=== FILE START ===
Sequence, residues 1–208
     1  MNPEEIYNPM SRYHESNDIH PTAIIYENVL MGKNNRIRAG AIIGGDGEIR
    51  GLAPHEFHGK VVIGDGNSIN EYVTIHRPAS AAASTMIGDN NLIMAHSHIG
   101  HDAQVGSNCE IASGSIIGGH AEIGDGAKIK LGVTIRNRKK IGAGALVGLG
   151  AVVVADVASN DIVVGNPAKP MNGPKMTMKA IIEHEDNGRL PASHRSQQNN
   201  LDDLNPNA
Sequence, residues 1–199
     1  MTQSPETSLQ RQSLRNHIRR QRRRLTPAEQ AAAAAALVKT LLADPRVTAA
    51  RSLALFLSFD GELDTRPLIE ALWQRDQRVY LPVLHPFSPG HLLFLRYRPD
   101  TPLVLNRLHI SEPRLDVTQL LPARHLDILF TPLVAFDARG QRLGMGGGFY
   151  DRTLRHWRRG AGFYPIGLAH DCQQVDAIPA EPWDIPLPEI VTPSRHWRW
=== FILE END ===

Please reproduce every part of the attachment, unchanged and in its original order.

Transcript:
Sequence, residues 1–208
     1  MNPEEIYNPM SRYHESNDIH PTAIIYENVL MGKNNRIRAG AIIGGDGEIR
    51  GLAPHEFHGK VVIGDGNSIN EYVTIHRPAS AAASTMIGDN NLIMAHSHIG
   101  HDAQVGSNCE IASGSIIGGH AEIGDGAKIK LGVTIRNRKK IGAGALVGLG
   151  AVVVADVASN DIVVGNPAKP MNGPKMTMKA IIEHEDNGRL PASHRSQQNN
   201  LDDLNPNA
Sequence, residues 1–199
     1  MTQSPETSLQ RQSLRNHIRR QRRRLTPAEQ AAAAAALVKT LLADPRVTAA
    51  RSLALFLSFD GELDTRPLIE ALWQRDQRVY LPVLHPFSPG HLLFLRYRPD
   101  TPLVLNRLHI SEPRLDVTQL LPARHLDILF TPLVAFDARG QRLGMGGGFY
   151  DRTLRHWRRG AGFYPIGLAH DCQQVDAIPA EPWDIPLPEI VTPSRHWRW